Nature's Bounty for Decorations

My photograph of teasel heads, pink berried sorbus, fir tree, dark red leaves cherry blossom, from our garden.














Iseult Catherine O'Brien

Montessori Teacher & Supervisor   |   Volunteer Tutor with Second Level Students   |   

A Member of The Tutors' Association









No matter where you live, Nature is all around you, discover what's in your neighbourhood.  During your walks with the child(ren) these days, suggest everyone keeps an eye out for seed heads, poppy heads, grass heads, very tall, punky, teasel heads (do not touch – the stems are very prickly). 


Scope all pieces of wasteland, big or small.  These are the places you could find ten foot plus spikes of teasel flower, with their pale mauve blossoms long withered and blown away; everyone can search for poppy seed heads; watch for any branches fallen in the wind; dried out twisted branches and twigs; and any interesting looking examples of vegetation.





It's never too soon to start planning and identifying natural  material, close to your home, to use in your Samhain / Hallowe'en / Christmas / New Year decorations and celebrations.  Examine everything you come across, bearing in mind what it might look like with paint on it.  If you are considering making decorations for your front door, or for the dining table, or wall or window hangings to celebrate Samhain / Hallowe’en, carry a palette of black, silver,  gold,  red,  orange, and yellow in your head.





Hallowe’en is the Christianised name for the Pagan Festival of Samhain (pronounced ‘sow-un’), “Summer’s End”.  Samhain celebrates a time of easy communication and passage between this world and the spirit world, when the deceased can revisit the mortal world and are feasted by their families; when they hear the news of what has happened with their families and neighbours since their deaths, or last visits.  The crops would have been harvested, and the turf saved: this is the end of the season of growth, and entering the period of the Dark.  The Samhain celebrations carried on over three days and nights, and was a period of family and neighbour reunions, marriage arrangements, and celebrations, and when fires were lit to mark the end of the period of growth and to herald the New Year.



Consider how a 2-4 foot long, twisted branch, if painted black and let dry might look, with a few added very fine lines of highlighting with silver or gold on the very edge of some of the smaller branches, and touches of bright red,  orange, and yellow  on the tops of the twiglets, to signify the fires of Samhain.  It would be a very dramatic piece, which could be hung up by the stem with painted string, ribbon, raffia, or whatever strikes you as right – hanging in a window or from the ceiling, swaying and twirling in the air.




Have all possibilities to the forefront of your mind as you look at what might seem to be a pretty ordinary branch.   Let your imagination soar with the possibilities, as you search the vegetation all around you.




Before a walk, have a good look through your family book of local flora and fauna, examine the photographs and drawings, to become aware of what could be around you when you get out to investigate.  There may be a few seed heads on the verges of paving, or growing against hoarding – poppies and cotoneaster can thrive in the tiniest of cracks.  Cotoneaster horizontalis proliferates in walls, between bricks, and in cracks in paving slabs.  Birds are very fond of its bright-red berries and spread its seed indiscriminately.  As with buddleia, it has become a garden escapee, happily seeding all over city centres.  Boughs of cotoneaster make excellent substitutes for holly boughs, and are a lovely green and red addition to decorating at home.  Equally, the skimmia shrub offers high gloss leaves and large bright red berries which keep very well when cut.  Take a note of all the interesting looking material, and try to get back as soon as possible to gather it up.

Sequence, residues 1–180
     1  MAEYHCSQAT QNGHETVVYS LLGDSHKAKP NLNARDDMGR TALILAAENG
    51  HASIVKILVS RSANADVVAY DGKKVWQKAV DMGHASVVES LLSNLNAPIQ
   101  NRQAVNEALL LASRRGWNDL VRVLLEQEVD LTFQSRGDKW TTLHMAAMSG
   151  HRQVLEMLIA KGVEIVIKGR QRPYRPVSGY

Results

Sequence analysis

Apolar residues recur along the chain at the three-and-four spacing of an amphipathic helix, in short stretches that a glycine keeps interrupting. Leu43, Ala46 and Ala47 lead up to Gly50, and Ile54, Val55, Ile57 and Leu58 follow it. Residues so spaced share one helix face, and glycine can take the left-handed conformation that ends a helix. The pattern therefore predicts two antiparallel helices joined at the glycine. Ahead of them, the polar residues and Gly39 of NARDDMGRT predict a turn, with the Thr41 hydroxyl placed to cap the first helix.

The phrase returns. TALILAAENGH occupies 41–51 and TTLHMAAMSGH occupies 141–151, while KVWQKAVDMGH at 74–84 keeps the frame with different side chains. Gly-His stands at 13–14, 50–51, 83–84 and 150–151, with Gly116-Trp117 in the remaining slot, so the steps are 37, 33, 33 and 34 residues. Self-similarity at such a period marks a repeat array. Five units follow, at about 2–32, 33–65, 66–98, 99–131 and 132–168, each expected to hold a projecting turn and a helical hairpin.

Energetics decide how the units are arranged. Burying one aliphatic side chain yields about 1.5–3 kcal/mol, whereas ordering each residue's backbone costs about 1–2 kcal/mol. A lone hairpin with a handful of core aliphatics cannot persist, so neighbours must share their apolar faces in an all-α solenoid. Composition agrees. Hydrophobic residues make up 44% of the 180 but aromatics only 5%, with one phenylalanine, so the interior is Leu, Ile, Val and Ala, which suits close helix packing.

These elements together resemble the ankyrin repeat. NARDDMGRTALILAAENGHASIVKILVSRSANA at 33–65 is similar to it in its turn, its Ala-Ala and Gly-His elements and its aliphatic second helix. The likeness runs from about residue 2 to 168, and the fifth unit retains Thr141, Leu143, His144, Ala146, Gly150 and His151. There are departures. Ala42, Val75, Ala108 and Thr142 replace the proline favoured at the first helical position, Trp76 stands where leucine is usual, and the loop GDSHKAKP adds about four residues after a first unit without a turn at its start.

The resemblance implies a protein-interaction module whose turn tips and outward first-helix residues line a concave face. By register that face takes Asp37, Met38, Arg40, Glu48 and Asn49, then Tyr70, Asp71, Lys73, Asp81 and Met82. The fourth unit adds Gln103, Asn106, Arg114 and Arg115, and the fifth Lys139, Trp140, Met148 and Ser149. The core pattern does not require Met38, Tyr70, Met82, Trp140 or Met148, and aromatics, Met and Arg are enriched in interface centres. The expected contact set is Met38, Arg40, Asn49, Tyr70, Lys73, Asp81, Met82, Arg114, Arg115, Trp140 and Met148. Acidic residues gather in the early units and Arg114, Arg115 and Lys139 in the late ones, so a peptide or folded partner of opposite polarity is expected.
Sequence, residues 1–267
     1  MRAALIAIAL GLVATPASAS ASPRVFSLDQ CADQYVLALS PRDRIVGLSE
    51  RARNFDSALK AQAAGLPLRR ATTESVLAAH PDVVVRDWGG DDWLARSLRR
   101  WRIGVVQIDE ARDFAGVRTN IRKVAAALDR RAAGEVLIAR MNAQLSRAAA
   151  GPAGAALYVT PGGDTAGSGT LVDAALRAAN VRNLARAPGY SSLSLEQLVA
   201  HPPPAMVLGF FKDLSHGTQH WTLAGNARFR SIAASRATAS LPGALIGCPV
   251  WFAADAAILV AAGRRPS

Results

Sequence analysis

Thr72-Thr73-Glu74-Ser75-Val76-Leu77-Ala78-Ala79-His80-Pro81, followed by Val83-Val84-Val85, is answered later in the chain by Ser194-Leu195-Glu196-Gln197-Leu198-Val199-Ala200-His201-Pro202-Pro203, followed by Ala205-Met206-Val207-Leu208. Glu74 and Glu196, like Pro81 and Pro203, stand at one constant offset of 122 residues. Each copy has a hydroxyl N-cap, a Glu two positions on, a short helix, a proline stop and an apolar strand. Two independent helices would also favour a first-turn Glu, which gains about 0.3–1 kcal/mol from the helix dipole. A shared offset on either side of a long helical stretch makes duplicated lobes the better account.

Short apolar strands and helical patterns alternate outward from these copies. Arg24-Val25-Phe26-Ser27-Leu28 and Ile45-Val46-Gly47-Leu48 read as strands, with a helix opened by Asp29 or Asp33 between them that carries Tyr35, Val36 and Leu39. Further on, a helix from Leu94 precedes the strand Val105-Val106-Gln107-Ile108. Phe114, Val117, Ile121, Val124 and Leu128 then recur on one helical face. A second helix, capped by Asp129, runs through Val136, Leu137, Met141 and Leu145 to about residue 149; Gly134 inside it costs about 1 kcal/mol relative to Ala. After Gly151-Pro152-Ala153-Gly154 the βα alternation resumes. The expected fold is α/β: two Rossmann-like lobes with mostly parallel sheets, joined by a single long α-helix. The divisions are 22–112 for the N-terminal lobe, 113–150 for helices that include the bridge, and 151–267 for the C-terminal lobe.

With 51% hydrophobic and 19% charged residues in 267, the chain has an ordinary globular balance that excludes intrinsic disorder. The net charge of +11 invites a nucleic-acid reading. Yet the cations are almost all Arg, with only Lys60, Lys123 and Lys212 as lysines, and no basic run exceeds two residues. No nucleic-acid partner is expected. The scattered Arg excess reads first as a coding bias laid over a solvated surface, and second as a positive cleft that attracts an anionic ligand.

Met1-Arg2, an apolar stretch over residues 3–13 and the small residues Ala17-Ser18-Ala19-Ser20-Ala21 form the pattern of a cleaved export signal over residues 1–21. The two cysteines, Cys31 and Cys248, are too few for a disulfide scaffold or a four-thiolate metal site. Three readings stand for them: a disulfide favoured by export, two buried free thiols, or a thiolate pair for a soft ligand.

Having discovered your bounty sites, prepare yourselves for the gathering, at the appropriate time of year.  Adults and children should go on the hunt, adults armed with a sharp kitchen scissors, and / or secateurs, with one adult wearing heavy duty gardening-type gloves.  The advantage of a mix of adults, youngsters, and children, is that they will all be searching at different height levels.  Everyone searches for poppy seed heads, which can be quite small or as big as a pullet's egg.  Teasel, which grows as tall as ten foot, and more, and has very, very, prickly stems, and should only be handled with the heavy duty gloves.  If you have a wheelie-type shopping bag, you would be able to put the long teasel heads and stems head down into refuse sacks and put them in your wheelie shopper.  The poppies you find should be cut with as long a stem as possible, and put head down in separate paper sacks or bags.  They could go in a backpack.  You may find when you get home the poppy bags have many tiny seeds in the bottom.  Tie the stems with kitchen twine enclosed in the paper bags, leaving a loop of twine for hanging them someplace airy and dry and many more seeds will fall out. Paper bags are best as they breathe, and the contents won't go mouldy, as it might in a plastic bag.



These poppy seeds can be collected and scattered on waste ground in your neighbourhood.  Just scratch the soil with a stick, scatter the seeds, scuff the soil again, and hope for rain that night to settle the seeds into the earth.  Poppy seeds stay viable in the soil for over forty years!



You may see chestnuts still attached to small branches fallen on the ground, or some grasses with long fronds.  Take the free bounty of Nature that has fallen from a tree, or that which is seen as unwanted weeds.  When you have brought everything home, spread newspaper on the floor or on the kitchen table, and wipe the stems and heads gently (except for the teasel) with dry kitchen scrubbies to remove dust and loose matter, and shake the grasses over the newspaper to dislodge debris and to spread the fronds.  All your material should be allowed to dry as with the poppy heads.



To make the teasel easy to manage, you have to decide first if you want to keep them as long as possible to make a very dramatic arrangement.  If you decide 'yes', you need to bring each stem to where the newspaper's spread out, and wearing heavy duty gloves, run a sharp vegetable knife downwards from the flower head, scraping off all the prickles or spurs.   You'll need to go around the stem, and from top to bottom, so make sure you have some good music playing for this job!  (The actual stem under all the prickles or spurs is not very sturdy, so please be careful not to break it.  Having said that, if you do have some breakages, when the stems are painted, you could fix a broken one by wrapping it in matching or contrasting coloured string or twine.)  Please wrap up the newspaper immediately you have finished all the stems you plan to strip, and put it in your recycling bin, depending on the rules in force in your neighbourhood.